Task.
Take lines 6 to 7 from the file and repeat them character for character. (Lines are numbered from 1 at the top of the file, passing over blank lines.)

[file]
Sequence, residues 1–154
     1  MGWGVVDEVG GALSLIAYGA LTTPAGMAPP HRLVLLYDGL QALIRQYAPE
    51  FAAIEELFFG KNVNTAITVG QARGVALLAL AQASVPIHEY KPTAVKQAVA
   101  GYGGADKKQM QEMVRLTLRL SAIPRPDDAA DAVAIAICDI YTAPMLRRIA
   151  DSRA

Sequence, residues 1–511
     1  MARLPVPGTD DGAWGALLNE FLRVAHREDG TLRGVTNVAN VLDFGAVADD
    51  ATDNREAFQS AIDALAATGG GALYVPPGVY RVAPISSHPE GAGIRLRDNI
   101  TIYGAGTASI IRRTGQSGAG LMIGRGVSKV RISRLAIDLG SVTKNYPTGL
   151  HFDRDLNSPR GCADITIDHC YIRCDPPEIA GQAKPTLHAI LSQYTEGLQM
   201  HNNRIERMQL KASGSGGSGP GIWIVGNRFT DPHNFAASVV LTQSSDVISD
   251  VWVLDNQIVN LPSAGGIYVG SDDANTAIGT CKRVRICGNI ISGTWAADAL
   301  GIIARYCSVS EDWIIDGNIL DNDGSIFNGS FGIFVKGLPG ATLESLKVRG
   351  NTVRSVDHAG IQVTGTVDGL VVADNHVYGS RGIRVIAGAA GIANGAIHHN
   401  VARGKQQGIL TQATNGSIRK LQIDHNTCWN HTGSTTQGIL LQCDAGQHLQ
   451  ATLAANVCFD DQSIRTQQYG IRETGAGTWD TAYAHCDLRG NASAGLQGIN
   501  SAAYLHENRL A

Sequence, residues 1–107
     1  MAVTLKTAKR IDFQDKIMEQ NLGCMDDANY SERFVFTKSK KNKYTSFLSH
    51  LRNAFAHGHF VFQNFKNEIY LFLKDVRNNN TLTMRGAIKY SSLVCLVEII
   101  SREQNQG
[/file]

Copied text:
Sequence, residues 1–511
     1  MARLPVPGTD DGAWGALLNE FLRVAHREDG TLRGVTNVAN VLDFGAVADD